When the Fortress of Solitude came down on Lex Luthor and Clark Kent at the end of Smallville’s seventh season, it might as well have brought the entire show down along with it. The series, which began in 2001 as a promising WB-styled re-imagining of the Superman mythology, had devolved into a constant stream of cringe-worthy dialogue and lame, sci-fi-meets-soap-opera plotting. Fans who thought they’d get to see how young Clark Kent (Tom Welling) matured into a journalist and super-hero were instead subjected to an angst-filled love triangle between Captain Plaid and his two “best friends”, the self-centered Lana Lang (Kristen Kreuk) and self-loathing Lex Luthor (Michael Rosenbaum). It came, then, as little surprise that after seven years, everybody started jumping ship, beginning with series front-runners Al Gough and Miles Millar. Apparently eager to cripple their baby on the way out the door, they scripted a finale which saw Lex finally learn Clark’s alien origins (sacrilege!), Kara (Laura Vandervoort) secretly exiled to the Phantom Zone, Brainiac (James Marsters) fried to a crisp and Lana abruptly leave town. It was hard to imagine how the series could possibly recover… making it all the more remarkable that Gough and Millar’s successors – producers Brian Peterson, Todd Slavkin, Kelly Souders and Darren Swimmer – turned things around…for the most part.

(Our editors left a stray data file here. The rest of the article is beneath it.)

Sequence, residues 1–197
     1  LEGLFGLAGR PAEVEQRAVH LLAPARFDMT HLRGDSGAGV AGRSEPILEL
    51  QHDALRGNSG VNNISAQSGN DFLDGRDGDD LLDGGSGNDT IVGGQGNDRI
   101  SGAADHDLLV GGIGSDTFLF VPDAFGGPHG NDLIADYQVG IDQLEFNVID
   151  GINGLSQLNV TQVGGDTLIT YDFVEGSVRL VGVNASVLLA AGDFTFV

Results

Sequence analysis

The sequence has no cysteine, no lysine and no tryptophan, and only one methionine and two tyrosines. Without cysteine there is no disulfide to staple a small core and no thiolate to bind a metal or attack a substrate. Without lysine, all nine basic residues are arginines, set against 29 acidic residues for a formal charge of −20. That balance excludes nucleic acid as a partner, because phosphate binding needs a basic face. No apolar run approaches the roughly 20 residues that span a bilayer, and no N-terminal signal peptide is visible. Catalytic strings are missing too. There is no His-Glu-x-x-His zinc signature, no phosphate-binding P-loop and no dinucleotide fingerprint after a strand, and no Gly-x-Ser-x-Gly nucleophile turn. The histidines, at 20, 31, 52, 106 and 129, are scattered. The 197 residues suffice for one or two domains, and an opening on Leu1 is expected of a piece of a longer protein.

There’s a new reporter at the Daily Planet: Clark Kent, who shares a workspace with Lois Lane. There’s a new hero in Metropolis, too. No one knows who he is. But Jimmy Olsen was on the scene of one of the do-gooder’s exploits, and he snapped a blurred photo of the hero in superspeed action – a hero everyone now calls the Red-Blue Blur. Red-jacketed, blue-shirted Clark Kent draws closer to his Superman destiny in the exciting 22-episode, 6-disc Season 8 of Smallville. Another Kryptonian destiny also takes shape. Davis Bloome begins to realize he is Doomsday. His mission on Earth: kill Clark Kent. So many new events (will Jimmy and Chloe’s marriage last?), so many new faces (Tess Mercer, Saturn Girl and Cosmic Boy among them!), so many state-of-the-art effects – so don’t miss a single thrill-packed moment!
Season eight picks up one month after Lex and Clark disappeared at the Arctic Fortress, and wastes no time establishing a new rhythm. Justin Hartley’s tanned-and-toned Green Arrow returns as a lead character, and with the aid of his proto-Justice League brings Clark home in time to land a job at the Daily Planet opposite a newly brunette Lois Lane (Erica Durance). Welling and Durance have exhibited promising chemistry since Lois first appeared in season four, but the writers always held back from pairing them up in any permanent capacity. Since season eight seemed like the show’s last, caution was thrown to the wind, allowing the legendary couple to finally start resembling their comic book counterparts. Though it still must be said – nothing tops Dean Cain and Teri Hatcher’s brilliant banter from ABC’s beloved Lois and Clark: The New Adventures of Superman.